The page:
“May I take a Moment of your time to talk about this new Dark Tranquillity album?”
All joking aside, it’s been around 4 years since the melo-death heavyweights from Sweden last release Atoma. Since that time, the line-up in the band has changed a bit and there’s been a few tours as well, including one in Paris in 2018. There’s also been the small issue of human malware this year, but that’s not stopped the band from working to provide what is a rather impressive album.
Kicking the album off “Phantom Days” is as classic a Dark Tranquillity song as you can get. Flowing melodies on both the guitars and keyboards and harsh vocals from Mikael create an almost “welcome home” feeling whilst also sounding as good as always. “Identical to None” follow with both them featuring solely harsh vocals and a whole load of amazing riffs. The latter in particular has amazing lyrics which resonate on a personal level, in particular the line “Why this disparity of thought? When you are identical to none.”
The album as a whole, is kind of what you might expect from a band that’s now on it’s 13th release. There’s the tracks which keep the themes from across the previous albums, with album opener “Phantom Days” being a great example of this. Flowing melodies on both the guitars and keyboards coupled with the harsh vocals from Mikael create an almost “welcome home” feeling whilst sounding just as good as always.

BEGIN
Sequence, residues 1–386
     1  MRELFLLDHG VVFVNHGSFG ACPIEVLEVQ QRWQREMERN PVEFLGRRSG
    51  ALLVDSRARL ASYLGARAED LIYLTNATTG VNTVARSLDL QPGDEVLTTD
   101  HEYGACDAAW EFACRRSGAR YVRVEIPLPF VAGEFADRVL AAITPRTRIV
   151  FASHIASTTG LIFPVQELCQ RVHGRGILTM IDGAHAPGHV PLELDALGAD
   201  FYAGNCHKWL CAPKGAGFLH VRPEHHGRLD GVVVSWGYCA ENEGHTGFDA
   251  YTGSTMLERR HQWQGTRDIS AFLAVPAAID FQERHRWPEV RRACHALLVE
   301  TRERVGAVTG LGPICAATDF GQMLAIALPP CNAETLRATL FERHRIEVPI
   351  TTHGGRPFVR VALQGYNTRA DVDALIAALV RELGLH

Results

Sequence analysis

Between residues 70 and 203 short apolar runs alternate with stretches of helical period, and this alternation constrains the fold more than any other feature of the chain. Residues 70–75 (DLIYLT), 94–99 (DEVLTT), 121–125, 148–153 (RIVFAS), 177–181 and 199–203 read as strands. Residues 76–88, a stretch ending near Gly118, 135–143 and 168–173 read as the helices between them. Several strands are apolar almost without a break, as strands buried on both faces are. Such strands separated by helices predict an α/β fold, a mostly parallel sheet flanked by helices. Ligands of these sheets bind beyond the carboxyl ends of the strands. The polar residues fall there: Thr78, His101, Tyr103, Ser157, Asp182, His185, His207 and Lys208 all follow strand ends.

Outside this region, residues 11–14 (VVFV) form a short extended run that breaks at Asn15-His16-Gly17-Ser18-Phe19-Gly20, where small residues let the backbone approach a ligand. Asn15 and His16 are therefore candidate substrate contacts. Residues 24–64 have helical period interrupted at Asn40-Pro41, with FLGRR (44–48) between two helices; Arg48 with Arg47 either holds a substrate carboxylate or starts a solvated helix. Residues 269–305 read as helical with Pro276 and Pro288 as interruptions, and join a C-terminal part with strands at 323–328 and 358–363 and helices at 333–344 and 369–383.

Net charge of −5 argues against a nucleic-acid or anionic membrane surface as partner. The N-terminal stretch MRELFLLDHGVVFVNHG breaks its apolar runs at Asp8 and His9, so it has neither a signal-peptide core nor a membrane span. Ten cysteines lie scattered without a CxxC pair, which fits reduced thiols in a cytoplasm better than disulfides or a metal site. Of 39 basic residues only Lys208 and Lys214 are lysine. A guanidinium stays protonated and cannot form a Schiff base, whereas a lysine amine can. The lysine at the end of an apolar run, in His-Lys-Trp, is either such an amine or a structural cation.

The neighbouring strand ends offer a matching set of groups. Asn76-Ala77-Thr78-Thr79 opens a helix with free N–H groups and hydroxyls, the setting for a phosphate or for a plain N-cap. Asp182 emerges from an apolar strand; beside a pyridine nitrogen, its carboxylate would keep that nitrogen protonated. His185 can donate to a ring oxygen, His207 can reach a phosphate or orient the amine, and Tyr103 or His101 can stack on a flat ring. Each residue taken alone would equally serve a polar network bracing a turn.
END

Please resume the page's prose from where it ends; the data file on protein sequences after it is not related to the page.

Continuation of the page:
There are also some tracks that change up the proceedings slightly, with “Standstill” being one that stands out. Featuring the excellent clean vocals of Mikael and also having a slightly stripped back feel in the verses keeps things fresh and injects something new to the soundscape. The addition of new guitarists Chris Amott and Johan Rheinholdz will likely have influenced some of the song-writing and as such things are slightly fresh.
Only slightly however, as the album is still predominantly a Dark Tranquillity album. And that’s where a part of the problem lies. The album just feels a bit too similar to previous releases that after a few listens it kind of loses its magic a bit. Which is a bit of a shame, as the earlier tracks on the album are very strong and showcase a lot of the great things that make DT such a good band. It’s just the latter half that feels a bit… samey.
However, it is still a good album and one that will be a fine addition to any Dark Tranquillity fan’s collection. It is, if you pardon the pun, definitely worth spending a “moment” to listen to it, but don’t expect much beyond what you have already heard.